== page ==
Quercus palustris Münchh.
Common Name: PIN OAK
Coefficient of Conservatism: 8
Coefficient of Wetness: -3
Wetness Index: FACW
Physiognomy: Nt Tree

Quercus palustris B. S. Walters

Characteristic of periodically flooded ground, including forests and edges of wet prairies; often planted and easily grown on upland sites.

Besides the very small and distinctive acorns, the small, acute, nearly glabrous winter buds will usually serve to distinguish this species from Q. ellipsoidalis. The leaves of Q. palustris are said to be usually recognizable by a combination of cuneate base of the blade (decurrent on the petiole) and conspicuous tufts of pubescence remaining until late in the season in the axils of the main veins and often along the midrib beneath. Our specimens, however, often have quite truncate leaf bases, but they do have prominent axillary tufts of pubescence (if not more along the midrib). The habit of pin oak is so distinctive that it can be recognized in winter from a long distance. The trunk is very thick relative to the branches; the lowest branches are persistent and sweep downward.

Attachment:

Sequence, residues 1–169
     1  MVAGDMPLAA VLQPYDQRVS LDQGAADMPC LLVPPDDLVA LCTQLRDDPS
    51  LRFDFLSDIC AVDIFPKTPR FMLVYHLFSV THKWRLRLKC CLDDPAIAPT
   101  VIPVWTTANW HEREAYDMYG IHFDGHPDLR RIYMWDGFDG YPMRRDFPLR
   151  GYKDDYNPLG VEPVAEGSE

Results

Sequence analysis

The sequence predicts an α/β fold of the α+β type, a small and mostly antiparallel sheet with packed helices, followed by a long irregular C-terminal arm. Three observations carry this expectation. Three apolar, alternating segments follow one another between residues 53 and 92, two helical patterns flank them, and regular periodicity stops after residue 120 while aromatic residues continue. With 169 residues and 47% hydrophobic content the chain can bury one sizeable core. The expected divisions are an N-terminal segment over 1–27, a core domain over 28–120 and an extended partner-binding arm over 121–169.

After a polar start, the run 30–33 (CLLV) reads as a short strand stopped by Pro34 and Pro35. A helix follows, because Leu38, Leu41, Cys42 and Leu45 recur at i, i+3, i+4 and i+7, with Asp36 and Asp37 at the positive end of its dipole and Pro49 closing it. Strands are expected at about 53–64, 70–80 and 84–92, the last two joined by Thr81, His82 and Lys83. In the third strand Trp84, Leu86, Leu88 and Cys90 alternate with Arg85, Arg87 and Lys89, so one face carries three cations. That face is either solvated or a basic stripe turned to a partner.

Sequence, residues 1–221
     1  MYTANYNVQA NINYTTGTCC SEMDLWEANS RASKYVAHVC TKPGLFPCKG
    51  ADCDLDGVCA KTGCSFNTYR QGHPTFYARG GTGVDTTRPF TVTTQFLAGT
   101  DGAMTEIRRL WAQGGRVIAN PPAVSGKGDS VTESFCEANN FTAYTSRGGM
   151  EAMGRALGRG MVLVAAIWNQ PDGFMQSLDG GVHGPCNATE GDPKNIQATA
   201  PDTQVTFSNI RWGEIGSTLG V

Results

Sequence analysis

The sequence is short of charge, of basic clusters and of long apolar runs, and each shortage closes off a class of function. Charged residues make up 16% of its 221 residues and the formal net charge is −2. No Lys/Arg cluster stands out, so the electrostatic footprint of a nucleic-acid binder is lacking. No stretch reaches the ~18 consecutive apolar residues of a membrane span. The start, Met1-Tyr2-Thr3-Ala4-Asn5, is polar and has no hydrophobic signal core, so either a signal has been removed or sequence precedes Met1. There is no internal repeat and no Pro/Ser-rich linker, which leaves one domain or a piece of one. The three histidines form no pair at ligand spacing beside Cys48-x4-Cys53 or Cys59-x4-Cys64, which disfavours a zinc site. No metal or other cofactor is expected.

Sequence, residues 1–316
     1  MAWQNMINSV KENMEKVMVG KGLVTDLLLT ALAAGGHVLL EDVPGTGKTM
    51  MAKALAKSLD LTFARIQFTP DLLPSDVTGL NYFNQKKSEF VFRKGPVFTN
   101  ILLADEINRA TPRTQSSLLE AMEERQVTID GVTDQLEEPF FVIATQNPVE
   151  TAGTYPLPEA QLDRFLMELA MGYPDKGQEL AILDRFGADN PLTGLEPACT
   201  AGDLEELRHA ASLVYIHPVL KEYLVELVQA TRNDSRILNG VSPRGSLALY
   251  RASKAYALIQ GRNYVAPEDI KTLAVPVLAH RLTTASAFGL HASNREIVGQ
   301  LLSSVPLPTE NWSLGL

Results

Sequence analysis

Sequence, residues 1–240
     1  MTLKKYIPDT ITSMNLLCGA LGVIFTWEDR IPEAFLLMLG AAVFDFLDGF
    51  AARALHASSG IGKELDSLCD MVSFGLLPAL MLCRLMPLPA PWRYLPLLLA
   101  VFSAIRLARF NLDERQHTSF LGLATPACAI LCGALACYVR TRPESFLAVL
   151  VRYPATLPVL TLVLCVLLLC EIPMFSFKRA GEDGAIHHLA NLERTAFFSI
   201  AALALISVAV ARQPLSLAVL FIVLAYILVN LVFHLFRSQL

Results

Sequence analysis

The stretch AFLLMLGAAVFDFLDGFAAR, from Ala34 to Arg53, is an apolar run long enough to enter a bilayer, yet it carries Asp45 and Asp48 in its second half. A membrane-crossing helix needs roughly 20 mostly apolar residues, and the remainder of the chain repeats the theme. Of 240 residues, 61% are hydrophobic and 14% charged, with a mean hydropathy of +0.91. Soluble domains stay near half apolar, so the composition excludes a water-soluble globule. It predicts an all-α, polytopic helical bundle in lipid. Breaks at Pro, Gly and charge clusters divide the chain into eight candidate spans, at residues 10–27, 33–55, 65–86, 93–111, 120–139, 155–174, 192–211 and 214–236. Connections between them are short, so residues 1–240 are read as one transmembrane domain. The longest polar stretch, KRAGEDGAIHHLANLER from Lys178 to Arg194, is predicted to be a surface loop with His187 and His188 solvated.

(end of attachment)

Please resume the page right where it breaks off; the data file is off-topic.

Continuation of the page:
Allegan County
Berrien County
Calhoun County
Cass County
Genesee County
Gratiot County
Kalamazoo County
Lapeer County
Lenawee County
Macomb County
Mason County
Midland County
Monroe County
Montcalm County
Oakland County
Ottawa County
Saginaw County
St. Clair County
St. Joseph County
Van Buren County
Washtenaw County
Wayne County


MICHIGAN FLORA ONLINE. A. A. Reznicek, E. G. Voss, & B. S. Walters. February 2011. University of Michigan. Web. August 15, 2022. https://michiganflora.net/species.aspx?id=1381.